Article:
Bringing rare-earth resources into the ambit of China’s Belt and Road Initiative (BRI) would be a complex task, says Gabriel Collins, a fellow at Rice University’s Baker Institute in Houston. “Chinese firms would have to build the entire supporting infrastructure, construct and operate the mines themselves, and do all of this amidst the underappreciated but very real ‘hidden war’ between the Taliban and ISIS-K,” he says.
Depending on the level of knowledge of China’s repression of the mostly Muslim Uighurs in north-western China among the rank and file of the Taliban and ISIS-K, any sign of a close partnership may be untenable for the Taliban leadership, Collins says. “If the Taliban are seen as being too close to Beijing, you can bet that ISIS-K and other extreme splinter groups will weaponize the issue for recruiting purposes” and back that up with attacks on Chinese interests in Afghanistan, he adds. Given the security risks that China would face, Collins would be “very surprised if Afghanistan produces critical minerals at a commercial scale any time within the next decade.”
Breen points out that China benefited from the presence of US troops in Afghanistan as it created a more secure environment. Yet China’s BRI did not lead to significant investment in Afghan minerals under the old regime. The prospect of internal instability going forward, Breen says, will give China “pause for thought” about investing in Afghanistan, with “smaller and safer bets” likely to be preferred. While China may talk up the relevance of the BRI to try to get some leverage over the Taliban, Beijing already has security problems in Pakistan and realises that Afghanistan is even more dangerous, he says. China is already the dominant global supplier of rare earths, used for rechargeable batteries for electric and hybrid cars and wind turbines, so finding new resources is not an urgent priority, he adds. “There is not enough economic upside for China.”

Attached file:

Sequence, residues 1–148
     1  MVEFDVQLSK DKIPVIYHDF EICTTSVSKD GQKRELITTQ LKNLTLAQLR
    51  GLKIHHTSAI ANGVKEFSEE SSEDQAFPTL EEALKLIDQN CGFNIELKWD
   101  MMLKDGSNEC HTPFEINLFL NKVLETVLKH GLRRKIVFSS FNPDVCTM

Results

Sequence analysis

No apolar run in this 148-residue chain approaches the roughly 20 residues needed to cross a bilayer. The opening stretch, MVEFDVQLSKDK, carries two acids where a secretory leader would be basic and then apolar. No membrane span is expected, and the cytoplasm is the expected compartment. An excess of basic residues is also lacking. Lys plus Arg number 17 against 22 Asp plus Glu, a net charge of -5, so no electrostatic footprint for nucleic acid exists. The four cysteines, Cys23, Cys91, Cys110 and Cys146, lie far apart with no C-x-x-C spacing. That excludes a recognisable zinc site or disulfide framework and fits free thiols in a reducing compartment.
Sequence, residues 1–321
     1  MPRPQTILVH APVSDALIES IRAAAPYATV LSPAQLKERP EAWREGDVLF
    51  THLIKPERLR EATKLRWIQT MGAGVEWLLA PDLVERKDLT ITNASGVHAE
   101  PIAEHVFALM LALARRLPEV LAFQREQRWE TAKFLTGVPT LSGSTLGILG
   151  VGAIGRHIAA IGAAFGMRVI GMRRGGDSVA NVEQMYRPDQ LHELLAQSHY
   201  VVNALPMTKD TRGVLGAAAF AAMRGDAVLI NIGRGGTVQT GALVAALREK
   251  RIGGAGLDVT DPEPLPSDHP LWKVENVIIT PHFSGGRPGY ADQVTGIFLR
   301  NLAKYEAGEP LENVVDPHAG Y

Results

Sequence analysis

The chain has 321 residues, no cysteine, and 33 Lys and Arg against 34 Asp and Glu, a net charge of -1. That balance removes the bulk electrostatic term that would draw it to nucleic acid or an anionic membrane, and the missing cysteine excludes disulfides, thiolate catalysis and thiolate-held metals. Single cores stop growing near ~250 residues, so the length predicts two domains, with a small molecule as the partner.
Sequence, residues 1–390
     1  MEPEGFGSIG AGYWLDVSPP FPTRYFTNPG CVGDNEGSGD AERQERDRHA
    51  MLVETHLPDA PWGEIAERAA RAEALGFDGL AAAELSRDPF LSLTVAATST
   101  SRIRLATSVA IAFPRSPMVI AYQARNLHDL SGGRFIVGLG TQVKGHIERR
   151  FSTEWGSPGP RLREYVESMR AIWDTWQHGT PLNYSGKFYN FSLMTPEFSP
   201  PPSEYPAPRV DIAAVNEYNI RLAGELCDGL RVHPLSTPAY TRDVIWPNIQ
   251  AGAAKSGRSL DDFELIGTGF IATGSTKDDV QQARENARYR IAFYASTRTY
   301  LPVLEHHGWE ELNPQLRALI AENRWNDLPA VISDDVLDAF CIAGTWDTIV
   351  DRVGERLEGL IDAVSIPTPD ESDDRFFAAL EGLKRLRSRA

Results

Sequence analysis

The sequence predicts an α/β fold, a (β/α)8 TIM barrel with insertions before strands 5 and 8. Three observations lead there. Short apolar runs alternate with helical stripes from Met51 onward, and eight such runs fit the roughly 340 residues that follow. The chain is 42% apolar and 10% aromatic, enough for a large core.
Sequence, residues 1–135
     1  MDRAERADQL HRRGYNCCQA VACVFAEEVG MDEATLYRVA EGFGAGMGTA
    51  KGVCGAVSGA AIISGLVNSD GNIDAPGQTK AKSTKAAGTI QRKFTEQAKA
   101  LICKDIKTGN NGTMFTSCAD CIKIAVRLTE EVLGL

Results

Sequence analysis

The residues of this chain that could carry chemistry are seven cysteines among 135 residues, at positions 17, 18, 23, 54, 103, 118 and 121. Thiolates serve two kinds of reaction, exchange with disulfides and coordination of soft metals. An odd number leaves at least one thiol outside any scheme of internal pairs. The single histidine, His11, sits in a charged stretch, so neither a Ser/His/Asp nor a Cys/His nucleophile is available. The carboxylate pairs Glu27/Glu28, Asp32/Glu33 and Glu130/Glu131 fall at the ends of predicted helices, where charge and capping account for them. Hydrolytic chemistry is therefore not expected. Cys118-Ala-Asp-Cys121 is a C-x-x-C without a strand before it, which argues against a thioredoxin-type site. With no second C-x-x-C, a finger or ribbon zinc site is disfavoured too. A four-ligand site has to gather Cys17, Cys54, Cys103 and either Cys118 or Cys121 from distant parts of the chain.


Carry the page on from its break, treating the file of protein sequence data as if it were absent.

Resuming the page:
Lack of technocratic expertise, with most educated people having fled, will make it hard to ensure the economy runs well enough to allow the Taliban to cement support in the regions. Billions of dollars of funding have been lost from the International Monetary Fund, the World Bank, the US, and the European Union, and the central bank reserves held in the US have been frozen. Meanwhile, the defeat of the old regime leaves thousands of troops unemployed, with no income and not much to lose.
The Taliban’s previous governance record indicates a group “historically bereft of governing skills,” says Harry Broadman, chair of the emerging markets practice at Berkeley Research Group LLC. That will make it hard to achieve any semblance of economic growth anytime soon, and foreign aid will be a big ask given the lack of a credible and trustworthy government, he says.
The history of Taliban rule in Afghanistan bodes ill for regional security. When the Taliban previously held power from 1996-2001, the regime gave free rein to a host of anti-Indian terrorist organizations within Afghanistan, with Indian-administered Kashmir bearing the brunt of their activity, says Vivek Mishra, research fellow at the Indian Council of World Affairs in New Delhi.
Pakistan, Mishra says, now has an incentive to relocate terror camps from its western regions into Afghanistan in an attempt to improve its standing with the Financial Action Task Force (FATF), which has put the country on its “grey list.” A further danger, says Mishra, is that India may become a new frontline in the battle against terrorism. India does not have the luxury of the West in being able to ignore the new government, which would risk allowing Pakistan greater influence, he says. So India faces both a greatly heightened security threat, and danger that trying to engage with the Taliban will undermine its own regional standing.
David Whitehouse is a freelance journalist in Paris.